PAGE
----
As Occupy Boston struggles with a sex-offender ban, its weaknesses have been laid bare

Temperature check: Will the movement stabilize? Or will it splinter?
By LIZ PELLY  |  January 18, 2012


It was after 10 pm on Tuesday, January 10, in the stale, bright basement of the Arlington Street Church, where now-nomadic Occupy Boston was holding a meeting. At issue was something that would seem straightforward: a proposal to prevent level-three sex offenders from being a part of Occupy. But suddenly, it felt as if the entire movement could be splintering. Two nights earlier, the sex-offender proposal was blocked. And now, as the Occupiers attempted to deal with the aftermath, the room filled with a tense whirlwind of emotional outcries about feeling triggered and targeted by misogyny, sexism, and homophobia.

Within the first half-hour of the assembly, it was clear that a typical GA wouldn't work for the night's anxiousness. So instead, it became more of a Quaker-style community speak-out, with rows of about 75 chairs reorganized into a circle. The facilitator told the group to "let a spirit guide them," and to speak as they felt inclined, without being called on. Someone handed out stress-relieving clay; the room even took a moment for "spiritual grounding" as someone from the Faith and Spirituality working group sounded a Tibetan singing bowl. It all worked surprisingly well for the first three hours.

But eventually, it broke — people started lashing out, yelling, antagonizing, walking out of the room. A new hand gesture was soon established for the night's GA — a fist covered by an open hand, to signal oppressive language or verbal abuse — but it wasn't working. Overall, the night confirmed that, as one Occupier put it, "Shit's boiling over right now."

The fight over whether to ban level-three sex offenders has become an even larger issue — highlighting the weaknesses of the open, consensus-based process that Occupy GAs rely on. And according to representatives from other Occupy cities, the issue isn't unique to Boston.

"As it went on, it became really painfully obvious how broken things are and how far we have to go to repair them," Women's Caucus member Ariadne Ross said the next morning. "By the end of the night I was feeling worse than when we started."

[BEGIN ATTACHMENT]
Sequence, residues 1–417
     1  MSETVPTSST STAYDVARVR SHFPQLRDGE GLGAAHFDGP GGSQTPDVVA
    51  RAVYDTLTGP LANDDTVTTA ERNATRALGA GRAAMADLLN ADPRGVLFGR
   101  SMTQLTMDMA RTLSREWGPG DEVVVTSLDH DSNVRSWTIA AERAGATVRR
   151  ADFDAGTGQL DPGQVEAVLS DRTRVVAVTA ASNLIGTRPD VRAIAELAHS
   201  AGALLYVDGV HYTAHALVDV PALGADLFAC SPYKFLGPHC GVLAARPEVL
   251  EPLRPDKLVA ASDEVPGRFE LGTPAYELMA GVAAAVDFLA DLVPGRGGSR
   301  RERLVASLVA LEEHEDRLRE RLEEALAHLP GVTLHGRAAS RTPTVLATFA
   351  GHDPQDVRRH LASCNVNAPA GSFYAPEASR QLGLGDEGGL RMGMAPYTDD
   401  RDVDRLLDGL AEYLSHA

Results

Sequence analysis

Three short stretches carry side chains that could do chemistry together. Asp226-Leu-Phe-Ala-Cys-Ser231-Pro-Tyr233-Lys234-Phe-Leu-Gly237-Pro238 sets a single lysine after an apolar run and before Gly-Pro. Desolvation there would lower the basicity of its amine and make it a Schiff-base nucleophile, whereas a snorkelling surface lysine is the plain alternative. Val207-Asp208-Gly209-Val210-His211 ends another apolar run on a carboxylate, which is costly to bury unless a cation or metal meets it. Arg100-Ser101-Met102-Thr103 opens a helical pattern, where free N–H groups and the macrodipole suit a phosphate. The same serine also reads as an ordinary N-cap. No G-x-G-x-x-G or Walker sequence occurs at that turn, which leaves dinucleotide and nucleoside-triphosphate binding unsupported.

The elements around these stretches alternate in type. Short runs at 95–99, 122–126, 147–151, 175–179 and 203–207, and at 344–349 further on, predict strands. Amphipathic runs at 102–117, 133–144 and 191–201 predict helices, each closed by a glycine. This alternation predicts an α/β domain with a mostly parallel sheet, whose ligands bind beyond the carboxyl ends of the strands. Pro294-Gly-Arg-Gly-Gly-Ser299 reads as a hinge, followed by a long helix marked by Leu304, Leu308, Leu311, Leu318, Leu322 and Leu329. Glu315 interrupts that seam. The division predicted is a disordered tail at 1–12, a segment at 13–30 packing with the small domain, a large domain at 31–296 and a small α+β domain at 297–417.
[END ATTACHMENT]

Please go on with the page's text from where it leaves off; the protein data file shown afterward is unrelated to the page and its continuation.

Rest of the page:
The conversation surrounding sex offenders began percolating after December 20, when the GA passed a "Mutual Aid Working Group Proposal" allotting cash to help homeless persons who'd been displaced by the dismantling of Occupy's Dewey Square camp — a pool that at least one registered sex offender attempted to access.

So on December 27, an Occupier named Sarah Barney brought a proposal to the GA to ban sex offenders. Her proposal generally states that if a member of Occupy Boston is found to be a level-three sex offender (a person convicted of a sexual crime whom the court deems to be at especially high risk for reoffending), the Safety working group would ask them to leave for one week, during which time the GA would vote on whether the accused should be asked to leave Occupy Boston permanently.

For Barney, a mother who often brought her five-year-old son to Occupy Boston, the issue was larger than the mutual-aid proposal.

"It stemmed from one specific incident, finding out that someone who lived at Dewey Square had gone to jail for nine years for two counts of sexual assault and rape of children under the age of 16," said Barney.

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